It’s clear that problem gambling has been accurately classified as a real addiction, comparable to almost all substance abuse. Treatment is generally similar, with a few important wrinkles…
Presently, problem gambling is generally screened through the DSM-IV (The Diagnostic and Statistical Manual of Mental Disorders, Fifth Edition). This focuses on the psychological impulse behind problem gambling, as developed by the American Psychiatric Association.
Treatment for gambling addiction includes counseling, 12-step support programs, medication, and peer support – often a combination of all. No one treatment is considered to be the most efficient. The FDA has not approved any specific medication for treatment of pathological gambling. This would be akin to discovering a medication that treated kleptomania. However, there are certain medications that have proven to be quite helpful at this early stage of research. The SSRI paroxetine has proven to have some positive effect in the treatment of problem gambling. Also, on a dual diagnosis platform, sustained release lithium has shown promising results in an early, limited clinical trial when treating both pathological gambling and a comorbid bipolar spectrum condition. Furthermore, the opiate antagonist drug nalmefene has also shown potential in early research.
Gamblers Anonymous is, of course, a 12-step model that has been effective in treating this affliction, focusing heavily on peer support, as well as fellowship. In terms of therapy and counseling, cognitive behavioral therapy has demonstrated reduction in symptoms of gambling-related compulsion. It focuses on recognizing the gambling-related thought processes, frame of mind and cognitive disorders that amplify one’s susceptibility to uncontrollable gambling. Additionally, the CBT method often utilizes skill-building techniques geared toward relapse prevention, forcefulness and gambling refusal, problem solving and strengthening of activities that are not consistent with gambling behavior and interests. Recently, some positive headway has been shown in the area of activity scheduling and time-management, as well as desensitization in treatment of chronic gambling addiction.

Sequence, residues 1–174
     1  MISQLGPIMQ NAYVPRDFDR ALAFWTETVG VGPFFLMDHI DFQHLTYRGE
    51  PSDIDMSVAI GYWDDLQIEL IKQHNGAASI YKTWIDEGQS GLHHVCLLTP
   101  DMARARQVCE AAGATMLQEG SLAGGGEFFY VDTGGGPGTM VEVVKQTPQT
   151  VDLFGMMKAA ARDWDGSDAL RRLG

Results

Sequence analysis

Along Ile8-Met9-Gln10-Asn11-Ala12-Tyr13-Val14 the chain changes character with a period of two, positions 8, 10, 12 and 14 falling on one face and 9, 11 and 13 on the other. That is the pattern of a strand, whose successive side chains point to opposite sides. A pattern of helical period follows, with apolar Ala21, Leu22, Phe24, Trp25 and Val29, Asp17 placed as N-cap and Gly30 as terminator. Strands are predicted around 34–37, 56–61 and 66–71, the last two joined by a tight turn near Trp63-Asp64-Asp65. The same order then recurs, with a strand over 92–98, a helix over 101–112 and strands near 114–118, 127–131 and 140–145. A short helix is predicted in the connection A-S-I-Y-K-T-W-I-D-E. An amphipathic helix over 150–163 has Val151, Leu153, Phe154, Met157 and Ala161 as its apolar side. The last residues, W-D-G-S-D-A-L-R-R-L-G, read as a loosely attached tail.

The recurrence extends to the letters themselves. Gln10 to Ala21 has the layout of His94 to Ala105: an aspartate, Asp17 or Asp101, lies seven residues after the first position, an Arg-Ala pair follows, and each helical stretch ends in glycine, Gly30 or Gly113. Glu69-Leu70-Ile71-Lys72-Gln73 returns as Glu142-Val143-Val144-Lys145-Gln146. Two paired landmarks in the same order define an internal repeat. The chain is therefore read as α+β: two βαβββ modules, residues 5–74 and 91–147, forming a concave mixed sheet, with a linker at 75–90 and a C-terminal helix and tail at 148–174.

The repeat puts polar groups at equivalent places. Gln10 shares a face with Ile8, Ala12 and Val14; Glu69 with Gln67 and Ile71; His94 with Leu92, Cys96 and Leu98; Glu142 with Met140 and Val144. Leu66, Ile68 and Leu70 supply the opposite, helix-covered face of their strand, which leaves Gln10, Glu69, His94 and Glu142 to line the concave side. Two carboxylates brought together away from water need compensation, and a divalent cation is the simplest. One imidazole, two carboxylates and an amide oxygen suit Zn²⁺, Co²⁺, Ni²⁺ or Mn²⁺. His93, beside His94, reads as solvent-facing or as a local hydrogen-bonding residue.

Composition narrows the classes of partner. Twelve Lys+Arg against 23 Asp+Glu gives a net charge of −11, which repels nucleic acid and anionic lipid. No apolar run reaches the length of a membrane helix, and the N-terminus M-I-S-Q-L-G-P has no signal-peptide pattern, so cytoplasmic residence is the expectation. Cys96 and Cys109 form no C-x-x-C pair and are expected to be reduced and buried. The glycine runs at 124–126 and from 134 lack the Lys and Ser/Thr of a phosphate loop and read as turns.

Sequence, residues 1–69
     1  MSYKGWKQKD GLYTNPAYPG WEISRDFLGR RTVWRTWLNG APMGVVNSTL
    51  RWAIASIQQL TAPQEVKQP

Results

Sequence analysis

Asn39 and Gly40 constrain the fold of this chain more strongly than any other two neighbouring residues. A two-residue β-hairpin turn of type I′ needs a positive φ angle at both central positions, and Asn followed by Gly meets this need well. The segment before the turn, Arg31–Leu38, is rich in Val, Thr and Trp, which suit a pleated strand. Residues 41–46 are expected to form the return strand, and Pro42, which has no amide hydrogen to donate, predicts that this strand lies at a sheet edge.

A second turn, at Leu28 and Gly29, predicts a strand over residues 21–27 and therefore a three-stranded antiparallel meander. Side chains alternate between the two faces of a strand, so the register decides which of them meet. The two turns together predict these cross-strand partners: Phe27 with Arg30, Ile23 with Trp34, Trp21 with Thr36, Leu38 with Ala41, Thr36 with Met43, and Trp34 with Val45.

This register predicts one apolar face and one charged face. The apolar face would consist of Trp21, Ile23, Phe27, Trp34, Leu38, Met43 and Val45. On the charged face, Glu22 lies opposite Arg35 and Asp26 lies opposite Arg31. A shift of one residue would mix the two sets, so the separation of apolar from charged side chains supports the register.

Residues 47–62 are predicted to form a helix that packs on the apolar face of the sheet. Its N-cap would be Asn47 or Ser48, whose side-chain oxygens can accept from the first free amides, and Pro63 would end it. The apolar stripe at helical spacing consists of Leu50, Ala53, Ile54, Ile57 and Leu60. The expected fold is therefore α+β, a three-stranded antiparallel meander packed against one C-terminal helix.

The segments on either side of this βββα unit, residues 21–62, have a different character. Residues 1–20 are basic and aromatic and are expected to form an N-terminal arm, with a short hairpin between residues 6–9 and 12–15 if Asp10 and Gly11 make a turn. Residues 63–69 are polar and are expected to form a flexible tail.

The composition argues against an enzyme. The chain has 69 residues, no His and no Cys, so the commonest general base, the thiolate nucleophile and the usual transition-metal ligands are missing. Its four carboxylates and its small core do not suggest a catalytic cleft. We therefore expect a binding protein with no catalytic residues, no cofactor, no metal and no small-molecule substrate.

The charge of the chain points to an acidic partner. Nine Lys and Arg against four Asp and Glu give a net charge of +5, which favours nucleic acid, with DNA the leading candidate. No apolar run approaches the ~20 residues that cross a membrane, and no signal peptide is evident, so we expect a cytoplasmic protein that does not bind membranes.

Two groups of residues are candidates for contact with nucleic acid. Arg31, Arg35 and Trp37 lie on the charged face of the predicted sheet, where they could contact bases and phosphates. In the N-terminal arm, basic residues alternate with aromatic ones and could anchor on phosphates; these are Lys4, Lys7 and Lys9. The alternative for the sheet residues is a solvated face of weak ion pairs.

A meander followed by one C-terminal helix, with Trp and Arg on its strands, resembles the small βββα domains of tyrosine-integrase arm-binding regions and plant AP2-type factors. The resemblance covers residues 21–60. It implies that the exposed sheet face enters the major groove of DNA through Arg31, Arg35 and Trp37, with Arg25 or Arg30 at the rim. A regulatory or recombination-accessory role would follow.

Motivational interviewing is one of the latest treatments of compulsive gambling. The motivational interviewing’s fundamental objective is encouraging willingness to transform through thinking and resolving mixed feelings. Steering clear of hostile confrontation, argument, blaming, and direct persuasion, the interviewer provides empathy and guidance to compulsive gamblers to characterize their objective. In the end, the essential aim is encouraging freedom of choice and furthering confidence in the ability to change.
Lastly, an increasing method of treatment is peer support. With the expansion of online gambling, many gamblers experiencing concerns and uncertainties use a variety of online peer-support groups to bolster their recovery. This shields their anonymity while enabling them to endeavor recovery on their own, often without having to reveal their issues to loved ones. This could indeed be a double-edged sword, but at this stage it appears to be a useful tool.
Speaking of the internet, the profligate expansion of on-line gambling certainly isn’t reducing the number of new gambling addicts. Several states have laws that require age verification when utilizing a gambling website, but we all know how effective that can be (NOT…). As usual, we cannot depend on lawmakers to police our addiction issues. They know what side of their bread is buttered, and the level of corruption in this scene is, to put it mildly, nauseating. It’s up to us and the recovery community through education and interdiction to stem the tide of what certainly appears to be an epidemic of monolithic proportions.